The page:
Ending Violence against Women: What More Can be Done?

Cambodian women play with doves in front of the Royal Palace in Phnom Penh on January 28, 2016. Photo: AFP

This year, I enrolled in a course on gender, violence, and development in my postgraduate studies. More than a chance to learn a lot about theories related to gender roles in violence and development, I could immerse myself deeper into an environment through which I could identify possible factors driving violence based on gender while exploring practical solutions based on the social and cultural contexts of each society, especially in Cambodia.

As the world has been running the 16-day annual campaign to advocate for actions to end violence against women, I am writing to raise some thoughts on possible measures to support efforts to end violence against women. According to the World Health Organization (WHO), violence against women has been increasing worldwide, particularly during the COVID-19 pandemic, where one in three women is a victim of physical or sexual intimate partner violence or non-partner sexual violence.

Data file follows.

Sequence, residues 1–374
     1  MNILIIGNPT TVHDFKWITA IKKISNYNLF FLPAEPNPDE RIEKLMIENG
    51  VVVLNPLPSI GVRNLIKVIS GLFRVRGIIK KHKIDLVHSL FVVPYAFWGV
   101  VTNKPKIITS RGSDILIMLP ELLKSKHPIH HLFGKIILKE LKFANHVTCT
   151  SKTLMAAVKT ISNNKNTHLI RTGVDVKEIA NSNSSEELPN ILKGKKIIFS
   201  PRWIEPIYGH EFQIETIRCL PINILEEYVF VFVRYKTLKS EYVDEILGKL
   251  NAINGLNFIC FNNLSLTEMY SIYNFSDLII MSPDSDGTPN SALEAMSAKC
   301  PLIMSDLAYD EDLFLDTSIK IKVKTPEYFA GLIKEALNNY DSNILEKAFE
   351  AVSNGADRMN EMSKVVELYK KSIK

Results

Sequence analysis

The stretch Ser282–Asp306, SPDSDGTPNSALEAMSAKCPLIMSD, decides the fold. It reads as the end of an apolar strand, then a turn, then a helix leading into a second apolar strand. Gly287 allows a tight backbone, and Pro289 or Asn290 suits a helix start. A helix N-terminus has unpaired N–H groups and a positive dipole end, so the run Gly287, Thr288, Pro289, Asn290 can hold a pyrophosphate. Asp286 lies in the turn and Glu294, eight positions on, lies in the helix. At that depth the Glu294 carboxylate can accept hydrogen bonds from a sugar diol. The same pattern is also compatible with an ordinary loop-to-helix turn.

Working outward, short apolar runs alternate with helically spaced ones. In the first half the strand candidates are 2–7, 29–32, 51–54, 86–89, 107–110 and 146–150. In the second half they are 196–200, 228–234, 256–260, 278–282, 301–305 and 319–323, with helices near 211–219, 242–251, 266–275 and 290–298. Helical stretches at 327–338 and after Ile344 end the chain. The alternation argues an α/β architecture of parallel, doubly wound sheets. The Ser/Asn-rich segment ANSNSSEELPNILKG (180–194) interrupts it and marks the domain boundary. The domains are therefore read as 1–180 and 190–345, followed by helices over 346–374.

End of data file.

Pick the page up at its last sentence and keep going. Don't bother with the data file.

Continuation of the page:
This trend is no different in Cambodia as gender-based violence has remained a serious concern. Many women have continued to experience physical and sexual violence, but unfortunately, not many of them can break the silence and seek support and intervention.

Meanwhile, it is uncommon to speak up against violent practices, even among their female fellows. At the same time, many still consider intimate violence a family issue that should be dealt with within family boundaries.

 At the same time, those who suffered from sexual violence and harassments often find themselves being held accountable for the crimes of which they are victims. It can be easily understandable as it is partially due to the prevailing cultural norms and conservative social values that have remained underlying factors that shape people's perception toward gender roles and women's agency while tolerating violence against women. Moreover, the state continues to have the misconception of the underlying impacts of social norms and culture when addressing gender-based violence.

However, there has also been significant momentum with more people becoming conscious of this social issue, concurring that the problem requires proper and better interventions. They are not only amalgamating in amplifying the voice that demands the solutions to end these types of violence but also comprehending their social responsibilities in contributing to addressing these issues.